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Your Environment. Your Health.

Massachusetts Institute of Technology

Superfund Research Program

Geologic and Geophysical Characterization

Project Leader: Herbert Einstein
Grant Number: P42ES004675
Funding Period: 1995 - 2000

Project Summary (1995-2000)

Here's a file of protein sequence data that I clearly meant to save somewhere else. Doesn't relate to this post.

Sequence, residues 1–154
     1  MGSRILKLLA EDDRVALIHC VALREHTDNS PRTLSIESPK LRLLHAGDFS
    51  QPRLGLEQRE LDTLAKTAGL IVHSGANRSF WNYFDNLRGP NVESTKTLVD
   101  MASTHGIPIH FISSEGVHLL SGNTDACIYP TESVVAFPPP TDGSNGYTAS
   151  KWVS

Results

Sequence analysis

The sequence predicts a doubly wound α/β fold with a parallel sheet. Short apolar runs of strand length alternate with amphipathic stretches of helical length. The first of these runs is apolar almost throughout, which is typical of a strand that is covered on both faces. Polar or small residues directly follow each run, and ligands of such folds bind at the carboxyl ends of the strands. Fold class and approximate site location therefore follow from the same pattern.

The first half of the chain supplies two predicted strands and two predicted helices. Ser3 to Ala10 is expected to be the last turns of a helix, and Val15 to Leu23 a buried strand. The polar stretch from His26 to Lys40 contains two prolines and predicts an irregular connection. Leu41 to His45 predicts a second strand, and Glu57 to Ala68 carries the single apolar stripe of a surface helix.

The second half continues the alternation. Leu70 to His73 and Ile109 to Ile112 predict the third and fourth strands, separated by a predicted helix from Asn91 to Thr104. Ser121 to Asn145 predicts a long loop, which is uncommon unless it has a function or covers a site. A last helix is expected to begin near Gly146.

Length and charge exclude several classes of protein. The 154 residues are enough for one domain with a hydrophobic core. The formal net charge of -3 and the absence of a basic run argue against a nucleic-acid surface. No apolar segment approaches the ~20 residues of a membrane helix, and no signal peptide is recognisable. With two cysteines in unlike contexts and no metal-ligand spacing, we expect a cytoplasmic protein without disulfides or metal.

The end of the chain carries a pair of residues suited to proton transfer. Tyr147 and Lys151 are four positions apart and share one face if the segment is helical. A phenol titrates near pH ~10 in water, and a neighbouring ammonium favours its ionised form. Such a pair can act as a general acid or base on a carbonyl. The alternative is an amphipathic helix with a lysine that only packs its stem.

This project consists of three interconnected efforts. In the first, 3-D representations of subsurface conditions and rock fracture flow in the Aberjona Valley is studied. This is accomplished by using a computerized Kriging-Bayesian updating procedure. Since fracture flow is potentially very significant in the Aberjona Valley, this work is continued through the creation of a three-dimensional fracture system model combined with individual fracture flow models and field observations. Secondly, electromagnetic and seismic subsurface characterizations are performed. Geophysical measurement techniques are used to extrapolate from point-wise exploration (boreholes); ground-penetrating radar and electrical resistivity techniques are used to image subsurface electrical properties. These electrical properties are then related to physical properties such as fluid content and porosity. Vertical seismic profiling (VSP) is also done to determine fracture presence and orientation in the bedrock. At Mystic Lakes, ground penetrating radar is used to determine sedimentary layers and disturbances in the sedimentation process. Finally, other geophysical techniques consisting of electric resistivity monitoring is used to detect and image heavy metal contaminants in the groundwater. Since the measurement profiles can be observed at different times, it is also be possible to observe changes with time and actually measure the contaminant transport.

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